velopments took place as well. Investigations of doped BaTi03 led to the
discovery of a remarkable change in resistance at the Curie point. PTCR
thermistors are now used widely as self-regulating heating devices.
At present we are in the midstof the age of integration, in which
many electroceramic components are being incorporated into thick-film
circuits, thin-film circuits, or multilayer packages. Capacitors, transduc-
ers, and electrooptic switches made from ferroelectric ceramics and crys-
tals are among these circuit elements. Looking ahead, it seems obvious
that further miniaturization will take place. Many of the techniques devel-
oped for semiconductor crystals will be applied to ferroelectrics.
Clearly, in a short paper of this type it is not at all possible to do jus-
tice to the many scientists and engineers who contributedto the develop-
ment of ferroelectrics. Only major highlights can be touched on and, in
drawing out these highlights, personal bias is hard to avoid. However,
for the basic science, the published record is generally available and the
credit already properly apportioned.
The second goal in this presentation is to predict the future of ferro-
electric ceramics, and to unravel an evolving technology of this type; an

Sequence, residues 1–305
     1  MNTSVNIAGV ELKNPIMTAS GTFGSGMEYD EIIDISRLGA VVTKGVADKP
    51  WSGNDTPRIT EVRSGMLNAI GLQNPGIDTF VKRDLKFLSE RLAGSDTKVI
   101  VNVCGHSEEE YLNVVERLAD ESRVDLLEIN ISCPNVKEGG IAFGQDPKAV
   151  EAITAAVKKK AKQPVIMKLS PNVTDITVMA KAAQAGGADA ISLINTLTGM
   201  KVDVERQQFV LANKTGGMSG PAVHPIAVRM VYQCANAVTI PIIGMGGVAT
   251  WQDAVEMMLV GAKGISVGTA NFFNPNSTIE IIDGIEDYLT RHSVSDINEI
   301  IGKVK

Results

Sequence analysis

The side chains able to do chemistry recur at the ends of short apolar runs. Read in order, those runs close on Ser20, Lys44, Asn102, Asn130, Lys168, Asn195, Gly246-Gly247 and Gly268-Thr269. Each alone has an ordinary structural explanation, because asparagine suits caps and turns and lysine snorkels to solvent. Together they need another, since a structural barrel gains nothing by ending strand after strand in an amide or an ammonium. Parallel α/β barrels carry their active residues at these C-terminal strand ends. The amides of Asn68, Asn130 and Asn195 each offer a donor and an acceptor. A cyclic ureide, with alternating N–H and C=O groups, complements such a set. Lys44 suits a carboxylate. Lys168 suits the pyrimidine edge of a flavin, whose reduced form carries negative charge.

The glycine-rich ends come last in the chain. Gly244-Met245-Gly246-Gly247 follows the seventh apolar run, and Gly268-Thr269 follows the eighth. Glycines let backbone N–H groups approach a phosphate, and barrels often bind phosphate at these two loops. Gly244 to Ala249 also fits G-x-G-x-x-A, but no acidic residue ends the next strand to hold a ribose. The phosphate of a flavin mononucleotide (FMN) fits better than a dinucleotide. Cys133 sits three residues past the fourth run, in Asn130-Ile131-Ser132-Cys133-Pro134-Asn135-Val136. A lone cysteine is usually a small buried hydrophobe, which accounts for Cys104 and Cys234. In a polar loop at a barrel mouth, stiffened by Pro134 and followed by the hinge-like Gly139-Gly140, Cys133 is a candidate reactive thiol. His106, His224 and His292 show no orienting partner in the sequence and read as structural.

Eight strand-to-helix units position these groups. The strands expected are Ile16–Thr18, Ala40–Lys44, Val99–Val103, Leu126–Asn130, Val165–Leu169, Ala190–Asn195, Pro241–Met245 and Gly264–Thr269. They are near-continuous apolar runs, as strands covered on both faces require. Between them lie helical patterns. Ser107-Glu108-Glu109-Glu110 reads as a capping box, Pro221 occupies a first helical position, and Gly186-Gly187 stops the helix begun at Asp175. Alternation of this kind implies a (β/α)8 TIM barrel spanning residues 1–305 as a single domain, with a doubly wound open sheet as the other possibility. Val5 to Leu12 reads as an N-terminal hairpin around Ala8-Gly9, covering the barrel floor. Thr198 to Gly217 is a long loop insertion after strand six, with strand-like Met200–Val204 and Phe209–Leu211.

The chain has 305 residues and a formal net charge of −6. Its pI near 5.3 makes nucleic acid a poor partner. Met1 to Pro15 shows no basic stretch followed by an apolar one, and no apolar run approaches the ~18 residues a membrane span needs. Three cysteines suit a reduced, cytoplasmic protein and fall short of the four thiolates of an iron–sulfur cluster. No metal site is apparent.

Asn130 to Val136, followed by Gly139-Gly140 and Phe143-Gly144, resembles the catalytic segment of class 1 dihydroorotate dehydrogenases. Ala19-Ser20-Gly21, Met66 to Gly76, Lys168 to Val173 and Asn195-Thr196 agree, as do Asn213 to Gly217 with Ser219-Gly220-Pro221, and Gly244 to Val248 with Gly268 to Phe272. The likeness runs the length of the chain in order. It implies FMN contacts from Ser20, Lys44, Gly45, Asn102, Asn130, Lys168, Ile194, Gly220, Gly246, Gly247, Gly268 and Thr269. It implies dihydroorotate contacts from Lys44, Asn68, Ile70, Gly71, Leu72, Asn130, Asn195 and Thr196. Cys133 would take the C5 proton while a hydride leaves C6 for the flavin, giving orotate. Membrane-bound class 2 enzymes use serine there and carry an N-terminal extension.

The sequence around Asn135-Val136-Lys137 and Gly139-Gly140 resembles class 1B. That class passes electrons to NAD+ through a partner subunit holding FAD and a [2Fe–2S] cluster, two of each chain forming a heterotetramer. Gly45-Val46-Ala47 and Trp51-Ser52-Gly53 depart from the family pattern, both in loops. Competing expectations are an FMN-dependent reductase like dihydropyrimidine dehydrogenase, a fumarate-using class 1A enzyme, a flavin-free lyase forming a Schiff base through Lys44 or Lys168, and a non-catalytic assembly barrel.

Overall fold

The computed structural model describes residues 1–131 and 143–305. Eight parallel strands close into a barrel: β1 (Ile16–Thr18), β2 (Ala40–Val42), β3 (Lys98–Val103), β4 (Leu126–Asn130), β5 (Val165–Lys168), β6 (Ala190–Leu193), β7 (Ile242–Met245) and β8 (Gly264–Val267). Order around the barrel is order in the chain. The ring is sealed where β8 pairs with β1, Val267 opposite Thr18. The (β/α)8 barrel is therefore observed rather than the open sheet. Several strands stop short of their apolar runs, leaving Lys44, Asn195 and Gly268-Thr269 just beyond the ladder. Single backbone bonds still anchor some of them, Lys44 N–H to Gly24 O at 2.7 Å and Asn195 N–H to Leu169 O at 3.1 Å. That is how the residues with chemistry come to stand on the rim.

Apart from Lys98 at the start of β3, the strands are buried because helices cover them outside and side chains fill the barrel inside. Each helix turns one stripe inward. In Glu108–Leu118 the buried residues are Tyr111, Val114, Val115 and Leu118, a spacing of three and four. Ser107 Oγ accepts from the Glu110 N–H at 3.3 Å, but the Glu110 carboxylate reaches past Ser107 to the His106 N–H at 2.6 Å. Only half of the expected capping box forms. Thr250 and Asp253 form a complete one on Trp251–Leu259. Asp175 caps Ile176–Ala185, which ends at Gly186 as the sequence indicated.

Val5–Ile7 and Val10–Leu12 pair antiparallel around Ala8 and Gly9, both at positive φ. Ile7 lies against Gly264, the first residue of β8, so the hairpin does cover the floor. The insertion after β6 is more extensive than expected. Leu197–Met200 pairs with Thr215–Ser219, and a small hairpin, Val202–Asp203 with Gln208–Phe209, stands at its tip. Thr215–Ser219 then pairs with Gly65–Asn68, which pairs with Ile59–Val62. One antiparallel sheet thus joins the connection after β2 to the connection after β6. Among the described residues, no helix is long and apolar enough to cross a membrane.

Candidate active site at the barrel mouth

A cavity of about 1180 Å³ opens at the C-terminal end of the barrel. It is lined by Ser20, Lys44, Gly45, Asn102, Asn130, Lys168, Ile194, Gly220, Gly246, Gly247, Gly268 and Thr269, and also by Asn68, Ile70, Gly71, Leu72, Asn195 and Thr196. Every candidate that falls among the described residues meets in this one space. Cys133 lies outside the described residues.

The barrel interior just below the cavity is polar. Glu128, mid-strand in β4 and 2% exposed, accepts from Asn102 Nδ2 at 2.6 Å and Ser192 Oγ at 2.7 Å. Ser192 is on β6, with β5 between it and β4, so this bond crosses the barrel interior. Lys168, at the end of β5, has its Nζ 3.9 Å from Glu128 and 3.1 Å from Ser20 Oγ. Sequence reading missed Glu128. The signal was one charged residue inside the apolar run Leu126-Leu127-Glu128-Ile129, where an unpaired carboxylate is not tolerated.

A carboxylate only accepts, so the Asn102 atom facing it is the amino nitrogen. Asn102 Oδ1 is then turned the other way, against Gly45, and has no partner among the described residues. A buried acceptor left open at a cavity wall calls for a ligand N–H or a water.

even more difficult task. But, as Lincoln once said, “The world will little
note nor long remember what we said here.”

The Early Rochelle Salt Period

Some of the more important people and eventsin this earliest period,
which formed the basis for all later ferroelectric activities, are summa-
rized in Table 11. The object of this period of study was first separated in
1655 by Elie Seignette, an apothecaryin the town of La Rochelle, France.
Sodium potassium tartrate tetrahydrate (Rochelle Salt) was used for over
200 years for its mild purgative medicinal properties. Late in the nine-
teenth century its physicalpropertiesbegantoexciteinterest.In 1824
Brewster’hadobserved the phenomenon of pyroelectricity in various
crystals, among which was Rochelle Salt, but perhaps the first systemat-
ic studies were those of the brothers Pierre and Paul-Jacques Curie2 in
1880. This classic work established unequivocally the existence of the pi-
ezoelectric effect and correctly identified Rochelle Salt and a number of
other crystals as being piezoelectric.